Apache camel

Recently I had the opportunity to play with Apache Camel and Spring Boot. I found the result quite entertaining! If you haven’t heard the name before, it is an open source routing tool which can receive messages, process them and send them to other destinations. In my case, I was reading payment messages from one topic, storing them in a db and then scheduled request with a POST call to another server.

Now, I could just start talking about all the different commands you can use, but I prefer to show you the project step by step. Some of the code is omitted such as Java Beans, JPA, Spring annotations, but what I do care about is to get the idea of how things work.

  • First we read from a specific topic.
  • Then we log and direct our call to another route where we will get our server token. This route is omitted for now
  • With the use of .bean simply we call the specified bean’s method, in that case getUnsentMessages
  • Split command is used in cases where bean method getUnsentMessages returns a List of results and we only want to perform REST calls for each one individually.
  • Directs the output.
 	    	.log("Retrieve unsent messages")
	    	.bean(topicMessageHandler,"getUnsentMessages")//injected bean

The code we just saw, will be the message generator for our consumer:

1 Receive message from direct
2..6 Log and process the message. In those lines we start seeing some Java too. With the .getIn() command we receive the direct message and map it to our base class. On lines 5 we create a header element for later use.

1.    	from("direct:unsentTopics")
2.    	.log("Dispatch topic")
3.			.process(exchange -> {
4.				MyBaseClass baseClass = exchange.getIn().getBody(MyBaseClass.class);
5.				exchange.getIn().setHeader("RECORD_ID", baseClass.getId());
6.			  })

7..14 Here we set all the headers prior to our POST request.

7.			.setHeader("CamelHttpMethod")
8.				.simple("POST")
9.			.setHeader("Content-Type")
10.				.simple("application/json;charset=UTF-8")
11.			.setHeader("Accept")
12.				.simple("application/json")
13.			.setHeader("Authorization")
14.				.simple("Bearer ${header.TOKEN}") 	

15..30 In those lines we try to determine the messages type and corresponding URL. One thing to have in mind is that the URLs where in http4 format. Also a cool trick to use when playing with http status is to use the parameter ?throwExceptionOnFailure=false in the URL. By default when you make a call and receive anything but 100…299 response code an exception will be thrown which is not what I wanted.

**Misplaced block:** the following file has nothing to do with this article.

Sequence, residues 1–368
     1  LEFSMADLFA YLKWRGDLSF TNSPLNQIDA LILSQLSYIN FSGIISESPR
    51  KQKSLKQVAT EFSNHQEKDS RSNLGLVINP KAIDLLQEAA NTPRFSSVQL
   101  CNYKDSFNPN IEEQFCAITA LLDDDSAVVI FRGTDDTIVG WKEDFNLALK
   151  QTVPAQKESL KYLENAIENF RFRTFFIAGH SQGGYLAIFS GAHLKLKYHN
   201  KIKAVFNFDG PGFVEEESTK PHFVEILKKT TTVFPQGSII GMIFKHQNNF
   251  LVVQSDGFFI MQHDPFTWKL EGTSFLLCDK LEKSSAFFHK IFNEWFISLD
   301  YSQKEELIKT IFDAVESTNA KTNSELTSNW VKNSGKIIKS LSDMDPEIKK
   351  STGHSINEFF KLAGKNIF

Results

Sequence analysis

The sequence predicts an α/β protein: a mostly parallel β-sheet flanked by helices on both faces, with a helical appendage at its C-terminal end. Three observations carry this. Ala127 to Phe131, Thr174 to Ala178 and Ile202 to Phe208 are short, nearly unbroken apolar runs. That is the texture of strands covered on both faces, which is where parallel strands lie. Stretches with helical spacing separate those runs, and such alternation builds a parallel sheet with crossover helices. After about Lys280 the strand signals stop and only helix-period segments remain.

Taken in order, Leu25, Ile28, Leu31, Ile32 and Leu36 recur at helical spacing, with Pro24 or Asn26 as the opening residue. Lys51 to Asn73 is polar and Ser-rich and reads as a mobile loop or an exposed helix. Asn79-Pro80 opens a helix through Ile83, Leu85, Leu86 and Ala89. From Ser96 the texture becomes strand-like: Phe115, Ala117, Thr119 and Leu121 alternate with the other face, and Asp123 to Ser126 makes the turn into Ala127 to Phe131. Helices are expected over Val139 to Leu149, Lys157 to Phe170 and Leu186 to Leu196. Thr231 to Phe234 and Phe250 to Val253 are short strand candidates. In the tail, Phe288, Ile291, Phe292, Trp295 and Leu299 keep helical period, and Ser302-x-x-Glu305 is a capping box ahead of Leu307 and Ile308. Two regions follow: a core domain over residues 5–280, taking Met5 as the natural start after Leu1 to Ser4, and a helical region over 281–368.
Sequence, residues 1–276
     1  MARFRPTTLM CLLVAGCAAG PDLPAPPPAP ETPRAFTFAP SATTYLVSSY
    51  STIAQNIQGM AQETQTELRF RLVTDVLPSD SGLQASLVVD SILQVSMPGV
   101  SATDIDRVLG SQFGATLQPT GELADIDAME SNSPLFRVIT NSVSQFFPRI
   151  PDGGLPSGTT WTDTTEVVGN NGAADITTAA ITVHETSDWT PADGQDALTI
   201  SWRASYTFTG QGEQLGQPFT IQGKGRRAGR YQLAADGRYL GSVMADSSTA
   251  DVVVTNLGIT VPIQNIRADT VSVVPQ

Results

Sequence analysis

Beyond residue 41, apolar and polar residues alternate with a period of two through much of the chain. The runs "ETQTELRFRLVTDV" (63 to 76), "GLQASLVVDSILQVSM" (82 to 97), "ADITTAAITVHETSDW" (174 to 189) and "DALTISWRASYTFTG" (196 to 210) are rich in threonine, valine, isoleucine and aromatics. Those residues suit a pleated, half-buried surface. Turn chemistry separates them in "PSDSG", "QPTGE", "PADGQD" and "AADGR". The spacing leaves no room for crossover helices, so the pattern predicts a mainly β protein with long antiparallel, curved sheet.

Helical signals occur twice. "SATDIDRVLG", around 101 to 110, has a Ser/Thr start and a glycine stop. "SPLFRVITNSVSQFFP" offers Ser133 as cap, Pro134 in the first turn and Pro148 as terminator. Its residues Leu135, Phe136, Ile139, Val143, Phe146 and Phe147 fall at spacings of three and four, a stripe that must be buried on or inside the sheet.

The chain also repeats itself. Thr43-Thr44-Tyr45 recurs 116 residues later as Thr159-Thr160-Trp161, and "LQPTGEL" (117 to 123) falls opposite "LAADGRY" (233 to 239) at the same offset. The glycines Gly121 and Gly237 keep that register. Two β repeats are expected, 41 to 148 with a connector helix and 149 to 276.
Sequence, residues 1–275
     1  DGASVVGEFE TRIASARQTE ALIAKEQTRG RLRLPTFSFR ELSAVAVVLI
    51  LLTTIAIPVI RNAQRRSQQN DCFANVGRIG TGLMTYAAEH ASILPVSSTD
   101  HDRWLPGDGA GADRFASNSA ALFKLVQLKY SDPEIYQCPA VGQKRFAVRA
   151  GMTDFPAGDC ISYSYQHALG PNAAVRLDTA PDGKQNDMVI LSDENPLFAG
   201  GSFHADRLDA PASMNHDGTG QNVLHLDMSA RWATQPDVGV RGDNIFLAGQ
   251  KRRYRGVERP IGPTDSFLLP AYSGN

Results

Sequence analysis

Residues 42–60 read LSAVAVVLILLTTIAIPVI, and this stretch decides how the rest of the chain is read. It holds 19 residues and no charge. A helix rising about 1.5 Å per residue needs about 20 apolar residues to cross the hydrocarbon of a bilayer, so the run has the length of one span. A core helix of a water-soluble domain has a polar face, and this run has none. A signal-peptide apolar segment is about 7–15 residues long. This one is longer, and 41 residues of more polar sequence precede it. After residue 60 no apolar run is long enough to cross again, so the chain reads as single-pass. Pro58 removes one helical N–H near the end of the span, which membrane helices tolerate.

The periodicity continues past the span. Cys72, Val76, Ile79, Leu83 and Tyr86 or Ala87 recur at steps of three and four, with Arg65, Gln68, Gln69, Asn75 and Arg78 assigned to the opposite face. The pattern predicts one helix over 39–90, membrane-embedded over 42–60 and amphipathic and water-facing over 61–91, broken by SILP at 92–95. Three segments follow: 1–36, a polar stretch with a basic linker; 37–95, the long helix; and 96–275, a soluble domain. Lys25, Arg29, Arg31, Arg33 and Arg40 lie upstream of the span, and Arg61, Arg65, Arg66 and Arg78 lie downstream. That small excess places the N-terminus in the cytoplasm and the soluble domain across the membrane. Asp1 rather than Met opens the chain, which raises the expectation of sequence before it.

15.			.process(new Processor() {
16.				@Override
17.				public void process(final Exchange exchange) throws Exception {
18.					 String uri="";
19.					 MyBaseClass body =exchange.getIn().getBody(MyBaseClass.class);
20.					   if(body.getMessage() == null)
21.						 throw new RuntimeException("Empty body message");

22.					if( body.getMessage().contains(FLOW_DESCRIMINATOR_DEPOSIT)) {
23.						 uri = props.getDepositUrl(); }
25.			    	if(  body.getMessage().contains(FLOW_DESCRIMINATOR_LOAN)) {
26.			    		uri =  props.getLoanUrl(); }

27.			    	else {
28.			    		throw new RuntimeException("Invalid message type:" + body.getMessage());   	}

29.					exchange.getIn().setHeader("URI", uri);
30.					} })

31..45 In those lines we see two new commands .recipientList() and .choice(). The first one is most appropriately used in cases where you want to forward the same message to dynamically specify recipients. In our case we have only one. The .choice() is like an if/else command. When a specific condition is met do A otherwise do B. The scope of the command ends with .end()

31.			.setBody().simple("${body.message}")
32.			.recipientList(header(URI"))
33.			.choice()
34.			.when()
          .simple("${header.CamelHttpResponseCode} == 200")
35.					.process(exchange -> {
36.						Integer recordId = exchange.getIn().getHeader("RECORD_ID",Integer.class);
37.						exchange.getIn().setBody(recordId);				})

38.				.bean(topicMessageHandler,"successfullyDispatched")
39.				.log("Topic dispatch completed successfully")
40.	        .otherwise()
41.		                .process(exchange -> {
42.				        	MyErrorObject errorObj = createErrorObject(exchange);				        	
43.							exchange.getIn().setBody(errorObj);	})
44.		        .bean(topicMessageHandler,"unsuccessfullyDispatched")
45.      .end();

To sum it up, we managed to do a lot of stuff with little coding. It is a great tool for cases where you just want to route traffic. This was my first project so I am pretty sure there much optimization to be done, just wanted to show you the basics. One thing that I still haven’t found though is how to test Camel applications properly.